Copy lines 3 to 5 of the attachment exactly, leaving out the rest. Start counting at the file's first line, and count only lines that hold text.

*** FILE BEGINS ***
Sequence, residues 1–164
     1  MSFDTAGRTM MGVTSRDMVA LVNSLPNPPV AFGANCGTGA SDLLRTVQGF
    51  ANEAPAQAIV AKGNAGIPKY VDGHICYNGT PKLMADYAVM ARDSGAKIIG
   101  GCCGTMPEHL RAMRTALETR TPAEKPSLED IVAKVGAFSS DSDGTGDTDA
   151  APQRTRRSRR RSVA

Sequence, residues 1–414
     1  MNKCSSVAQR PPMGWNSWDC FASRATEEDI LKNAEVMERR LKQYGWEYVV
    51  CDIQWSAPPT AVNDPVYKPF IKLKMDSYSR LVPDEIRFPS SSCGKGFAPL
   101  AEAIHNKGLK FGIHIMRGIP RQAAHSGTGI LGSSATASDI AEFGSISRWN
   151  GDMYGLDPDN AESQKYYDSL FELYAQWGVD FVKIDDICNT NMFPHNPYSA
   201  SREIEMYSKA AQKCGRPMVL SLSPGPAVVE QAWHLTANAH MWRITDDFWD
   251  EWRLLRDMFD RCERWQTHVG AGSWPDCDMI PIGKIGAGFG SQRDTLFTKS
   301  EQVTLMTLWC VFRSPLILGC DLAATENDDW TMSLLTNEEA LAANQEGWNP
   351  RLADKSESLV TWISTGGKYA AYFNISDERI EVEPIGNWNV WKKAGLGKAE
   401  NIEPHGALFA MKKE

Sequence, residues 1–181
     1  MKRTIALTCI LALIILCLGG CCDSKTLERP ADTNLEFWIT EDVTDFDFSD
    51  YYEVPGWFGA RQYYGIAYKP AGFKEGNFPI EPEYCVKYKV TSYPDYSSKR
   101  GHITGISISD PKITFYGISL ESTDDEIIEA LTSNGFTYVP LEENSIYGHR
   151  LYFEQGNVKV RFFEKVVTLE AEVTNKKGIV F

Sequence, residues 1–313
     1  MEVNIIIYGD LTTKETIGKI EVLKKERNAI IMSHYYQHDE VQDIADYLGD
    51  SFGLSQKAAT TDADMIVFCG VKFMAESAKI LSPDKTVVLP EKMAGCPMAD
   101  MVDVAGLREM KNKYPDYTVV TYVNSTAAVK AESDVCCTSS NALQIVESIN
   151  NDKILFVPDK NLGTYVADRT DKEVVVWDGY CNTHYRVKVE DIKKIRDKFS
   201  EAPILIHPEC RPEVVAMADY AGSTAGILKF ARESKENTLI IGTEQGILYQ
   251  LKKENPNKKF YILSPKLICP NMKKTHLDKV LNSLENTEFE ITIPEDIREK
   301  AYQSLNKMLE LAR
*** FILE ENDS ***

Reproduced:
    51  ANEAPAQAIV AKGNAGIPKY VDGHICYNGT PKLMADYAVM ARDSGAKIIG
   101  GCCGTMPEHL RAMRTALETR TPAEKPSLED IVAKVGAFSS DSDGTGDTDA
   151  APQRTRRSRR RSVA